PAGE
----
Skip to content

Comparing the selective landscape of TLR7 and TLR8 across primates reveals unique sites under positive selection in Alouatta


Nicole S.Torosin, Hernan Argibay, Timothy H. Webster, Patrice Showers Corneli, Leslie A. Knapp


Among primates, susceptibility to yellow fever (YFV), a single-stranded (ss) RNA virus, ranges from complete resistance to high susceptibility. Howler monkeys (genus Alouatta) are the most susceptible to YFV. In order to identify Alouatta-specific genetic factors that may be responsible for their susceptibility, we collected skin samples from howler monkey museum specimens of the species A. caraya and A. guariba clamitans. We compared the rate of nonsynonymous to synonymous () changes of Toll-like receptor (TLR) 7 and TLR8, the two genes responsible for detecting all ssRNA viruses, across the Primate order. Overall, we found that the TLR7 gene is under stronger purifying selection in howler monkeys compared to other New World and Old World primates, but TLR8 is under the same selective pressure. When we evaluated at each codon, we found six codons under positive selection in Alouatta TLR8 and two codons under positive selection in TLR7. The changes in TLR7 are unique to A. guariba clamitans and are found in functionally important regions likely to affect detection of ssRNA viruses by TLR7/TLR8, as well as downstream signaling. These amino acid differences in A. guariba clamitans may play a role in YFV susceptibility. These results have implications for identifying genetic factors affecting YFV susceptibility in primates.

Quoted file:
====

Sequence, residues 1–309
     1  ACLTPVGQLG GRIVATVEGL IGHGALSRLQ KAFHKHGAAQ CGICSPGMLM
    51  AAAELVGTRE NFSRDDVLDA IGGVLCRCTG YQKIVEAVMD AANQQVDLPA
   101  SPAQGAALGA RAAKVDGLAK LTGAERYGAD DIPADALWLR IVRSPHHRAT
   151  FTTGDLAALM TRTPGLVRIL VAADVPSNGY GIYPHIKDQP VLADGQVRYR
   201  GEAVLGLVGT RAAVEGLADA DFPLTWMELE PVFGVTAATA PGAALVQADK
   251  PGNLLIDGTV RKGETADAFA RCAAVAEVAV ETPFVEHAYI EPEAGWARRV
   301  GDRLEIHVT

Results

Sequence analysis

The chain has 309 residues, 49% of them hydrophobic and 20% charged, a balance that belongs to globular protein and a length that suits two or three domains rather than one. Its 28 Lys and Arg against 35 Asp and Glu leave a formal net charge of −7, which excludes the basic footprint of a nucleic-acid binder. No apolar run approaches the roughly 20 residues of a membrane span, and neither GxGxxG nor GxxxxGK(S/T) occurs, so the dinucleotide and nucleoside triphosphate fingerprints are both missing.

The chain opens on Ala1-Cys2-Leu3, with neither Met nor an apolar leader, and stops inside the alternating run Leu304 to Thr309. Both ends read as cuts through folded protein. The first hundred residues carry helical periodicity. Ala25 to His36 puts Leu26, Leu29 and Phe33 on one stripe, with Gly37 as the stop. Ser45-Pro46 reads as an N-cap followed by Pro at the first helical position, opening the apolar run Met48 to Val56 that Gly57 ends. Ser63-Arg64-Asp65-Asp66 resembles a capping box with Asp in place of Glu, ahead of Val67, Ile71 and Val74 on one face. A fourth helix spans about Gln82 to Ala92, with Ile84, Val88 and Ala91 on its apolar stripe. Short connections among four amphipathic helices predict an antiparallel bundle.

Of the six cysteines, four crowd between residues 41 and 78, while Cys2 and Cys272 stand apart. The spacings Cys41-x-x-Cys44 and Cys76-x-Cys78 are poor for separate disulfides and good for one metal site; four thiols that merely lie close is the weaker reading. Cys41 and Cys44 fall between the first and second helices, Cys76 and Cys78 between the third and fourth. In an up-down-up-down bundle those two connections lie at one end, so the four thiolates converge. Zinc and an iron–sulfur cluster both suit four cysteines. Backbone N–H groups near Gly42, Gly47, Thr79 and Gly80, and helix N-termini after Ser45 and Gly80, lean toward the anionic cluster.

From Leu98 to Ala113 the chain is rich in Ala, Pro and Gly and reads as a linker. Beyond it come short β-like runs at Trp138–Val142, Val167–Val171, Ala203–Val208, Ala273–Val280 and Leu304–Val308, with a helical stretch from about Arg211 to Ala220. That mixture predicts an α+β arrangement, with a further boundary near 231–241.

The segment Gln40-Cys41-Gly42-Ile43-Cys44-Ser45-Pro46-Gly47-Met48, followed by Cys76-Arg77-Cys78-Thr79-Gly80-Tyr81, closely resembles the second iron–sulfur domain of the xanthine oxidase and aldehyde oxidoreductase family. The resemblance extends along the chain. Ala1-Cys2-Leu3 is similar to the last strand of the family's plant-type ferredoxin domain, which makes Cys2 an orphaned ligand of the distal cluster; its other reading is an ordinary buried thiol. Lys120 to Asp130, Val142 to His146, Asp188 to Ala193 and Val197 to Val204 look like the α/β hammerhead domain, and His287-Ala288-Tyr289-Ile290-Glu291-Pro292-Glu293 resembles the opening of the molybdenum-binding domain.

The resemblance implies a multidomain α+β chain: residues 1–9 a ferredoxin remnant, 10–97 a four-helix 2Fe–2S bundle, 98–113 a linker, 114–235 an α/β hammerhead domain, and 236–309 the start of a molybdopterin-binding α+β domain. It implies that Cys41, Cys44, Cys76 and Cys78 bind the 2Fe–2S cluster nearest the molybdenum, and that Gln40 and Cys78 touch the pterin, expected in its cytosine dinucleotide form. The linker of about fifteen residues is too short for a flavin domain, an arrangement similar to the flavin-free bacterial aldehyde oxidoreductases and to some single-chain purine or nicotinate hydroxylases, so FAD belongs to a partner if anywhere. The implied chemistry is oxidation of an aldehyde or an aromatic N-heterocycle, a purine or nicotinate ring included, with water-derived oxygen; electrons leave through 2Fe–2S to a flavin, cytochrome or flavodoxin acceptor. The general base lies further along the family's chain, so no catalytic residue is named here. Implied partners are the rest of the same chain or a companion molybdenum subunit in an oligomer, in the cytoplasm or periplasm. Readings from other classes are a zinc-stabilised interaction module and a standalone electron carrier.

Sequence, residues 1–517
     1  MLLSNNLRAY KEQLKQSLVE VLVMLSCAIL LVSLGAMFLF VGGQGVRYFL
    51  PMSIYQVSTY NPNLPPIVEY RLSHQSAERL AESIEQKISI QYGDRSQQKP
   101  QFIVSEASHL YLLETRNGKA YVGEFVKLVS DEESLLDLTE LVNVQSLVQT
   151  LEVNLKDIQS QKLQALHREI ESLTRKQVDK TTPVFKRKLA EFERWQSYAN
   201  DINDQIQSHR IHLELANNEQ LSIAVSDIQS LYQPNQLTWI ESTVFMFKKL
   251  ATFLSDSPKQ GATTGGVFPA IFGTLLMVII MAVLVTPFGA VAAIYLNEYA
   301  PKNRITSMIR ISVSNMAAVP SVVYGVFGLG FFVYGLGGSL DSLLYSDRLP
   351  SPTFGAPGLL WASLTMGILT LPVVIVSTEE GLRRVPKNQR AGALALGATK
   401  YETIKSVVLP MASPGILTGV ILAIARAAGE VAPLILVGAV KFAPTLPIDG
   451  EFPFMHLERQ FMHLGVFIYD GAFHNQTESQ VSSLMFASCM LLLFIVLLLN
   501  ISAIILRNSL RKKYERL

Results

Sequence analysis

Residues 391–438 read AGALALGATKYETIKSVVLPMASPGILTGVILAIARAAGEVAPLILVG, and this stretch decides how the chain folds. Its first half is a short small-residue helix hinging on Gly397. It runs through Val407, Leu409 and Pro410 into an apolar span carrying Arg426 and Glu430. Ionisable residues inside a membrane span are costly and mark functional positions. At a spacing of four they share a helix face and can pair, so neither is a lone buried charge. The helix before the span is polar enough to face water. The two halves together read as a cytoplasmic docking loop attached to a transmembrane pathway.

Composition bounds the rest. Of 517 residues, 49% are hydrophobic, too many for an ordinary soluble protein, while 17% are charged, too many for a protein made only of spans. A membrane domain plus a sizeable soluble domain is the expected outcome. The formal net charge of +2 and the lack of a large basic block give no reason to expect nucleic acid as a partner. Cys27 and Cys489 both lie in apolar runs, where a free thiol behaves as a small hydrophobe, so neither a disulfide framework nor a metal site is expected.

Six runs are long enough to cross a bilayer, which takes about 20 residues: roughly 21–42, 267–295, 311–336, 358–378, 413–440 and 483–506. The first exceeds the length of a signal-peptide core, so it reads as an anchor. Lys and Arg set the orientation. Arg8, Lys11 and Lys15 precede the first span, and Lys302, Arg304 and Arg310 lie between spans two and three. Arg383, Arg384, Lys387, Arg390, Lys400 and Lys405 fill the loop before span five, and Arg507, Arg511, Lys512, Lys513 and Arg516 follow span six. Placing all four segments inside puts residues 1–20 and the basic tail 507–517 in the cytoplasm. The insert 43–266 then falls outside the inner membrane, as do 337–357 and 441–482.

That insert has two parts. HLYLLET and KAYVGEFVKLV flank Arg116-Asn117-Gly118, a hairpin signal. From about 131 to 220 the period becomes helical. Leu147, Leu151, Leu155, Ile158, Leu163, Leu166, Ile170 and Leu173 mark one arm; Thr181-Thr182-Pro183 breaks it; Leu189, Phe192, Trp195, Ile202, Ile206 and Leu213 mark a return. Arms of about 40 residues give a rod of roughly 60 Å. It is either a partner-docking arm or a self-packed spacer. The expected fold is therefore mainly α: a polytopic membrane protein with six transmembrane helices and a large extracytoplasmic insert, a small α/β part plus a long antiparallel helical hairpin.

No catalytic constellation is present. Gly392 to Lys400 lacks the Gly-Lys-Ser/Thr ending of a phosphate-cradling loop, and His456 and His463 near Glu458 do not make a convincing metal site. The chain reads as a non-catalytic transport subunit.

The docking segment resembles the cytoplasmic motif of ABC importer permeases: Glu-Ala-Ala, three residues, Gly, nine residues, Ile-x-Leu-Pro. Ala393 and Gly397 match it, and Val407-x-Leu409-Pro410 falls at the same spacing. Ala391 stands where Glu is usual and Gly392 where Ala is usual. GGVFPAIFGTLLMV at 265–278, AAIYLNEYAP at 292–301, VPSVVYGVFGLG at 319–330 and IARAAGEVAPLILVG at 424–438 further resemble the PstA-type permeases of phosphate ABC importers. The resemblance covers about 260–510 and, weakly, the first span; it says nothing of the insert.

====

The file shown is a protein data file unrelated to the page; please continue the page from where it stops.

This publication can be viewed here

Last Updated: 3/24/21